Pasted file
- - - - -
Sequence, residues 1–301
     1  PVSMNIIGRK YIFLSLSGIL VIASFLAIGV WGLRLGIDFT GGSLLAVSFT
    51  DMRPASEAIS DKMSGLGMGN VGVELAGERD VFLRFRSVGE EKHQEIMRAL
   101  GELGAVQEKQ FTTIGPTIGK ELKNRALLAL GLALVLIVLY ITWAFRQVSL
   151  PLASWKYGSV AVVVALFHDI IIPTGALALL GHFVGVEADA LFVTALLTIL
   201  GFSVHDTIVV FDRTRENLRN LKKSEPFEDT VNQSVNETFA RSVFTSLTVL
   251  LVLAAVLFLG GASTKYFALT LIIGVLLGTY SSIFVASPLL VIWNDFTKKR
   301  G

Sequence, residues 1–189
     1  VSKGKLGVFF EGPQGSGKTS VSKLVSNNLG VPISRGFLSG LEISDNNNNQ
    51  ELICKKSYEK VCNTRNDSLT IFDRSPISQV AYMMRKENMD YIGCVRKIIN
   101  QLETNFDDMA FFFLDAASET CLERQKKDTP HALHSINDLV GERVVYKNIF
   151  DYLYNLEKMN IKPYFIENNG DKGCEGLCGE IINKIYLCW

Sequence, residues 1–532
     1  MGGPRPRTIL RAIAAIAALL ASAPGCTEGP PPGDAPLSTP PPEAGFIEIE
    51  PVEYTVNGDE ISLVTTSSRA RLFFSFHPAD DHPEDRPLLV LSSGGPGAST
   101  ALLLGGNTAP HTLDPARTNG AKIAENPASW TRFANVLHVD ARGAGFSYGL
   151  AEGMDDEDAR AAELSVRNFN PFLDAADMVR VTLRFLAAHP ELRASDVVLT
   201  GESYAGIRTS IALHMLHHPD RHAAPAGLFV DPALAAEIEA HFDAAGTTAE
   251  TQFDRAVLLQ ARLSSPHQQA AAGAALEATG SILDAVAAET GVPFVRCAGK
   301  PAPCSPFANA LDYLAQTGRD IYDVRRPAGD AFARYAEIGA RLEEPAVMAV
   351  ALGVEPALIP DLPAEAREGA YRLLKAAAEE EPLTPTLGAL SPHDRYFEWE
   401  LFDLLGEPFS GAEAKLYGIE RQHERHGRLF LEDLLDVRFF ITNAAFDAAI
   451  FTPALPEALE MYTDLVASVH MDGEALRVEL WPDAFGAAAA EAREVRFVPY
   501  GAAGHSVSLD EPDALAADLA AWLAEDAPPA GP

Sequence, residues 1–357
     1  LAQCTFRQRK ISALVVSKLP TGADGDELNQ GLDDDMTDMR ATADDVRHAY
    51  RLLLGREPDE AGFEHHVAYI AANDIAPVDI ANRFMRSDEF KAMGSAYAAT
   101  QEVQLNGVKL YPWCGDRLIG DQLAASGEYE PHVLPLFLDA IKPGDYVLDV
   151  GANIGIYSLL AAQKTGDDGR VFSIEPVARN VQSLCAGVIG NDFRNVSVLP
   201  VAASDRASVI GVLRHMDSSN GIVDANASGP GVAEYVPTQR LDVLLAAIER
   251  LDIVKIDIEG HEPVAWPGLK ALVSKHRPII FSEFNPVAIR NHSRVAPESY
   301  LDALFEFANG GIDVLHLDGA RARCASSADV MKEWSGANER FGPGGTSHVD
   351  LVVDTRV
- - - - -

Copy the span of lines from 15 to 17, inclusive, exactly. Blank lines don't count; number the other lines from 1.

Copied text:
     1  MGGPRPRTIL RAIAAIAALL ASAPGCTEGP PPGDAPLSTP PPEAGFIEIE
    51  PVEYTVNGDE ISLVTTSSRA RLFFSFHPAD DHPEDRPLLV LSSGGPGAST
   101  ALLLGGNTAP HTLDPARTNG AKIAENPASW TRFANVLHVD ARGAGFSYGL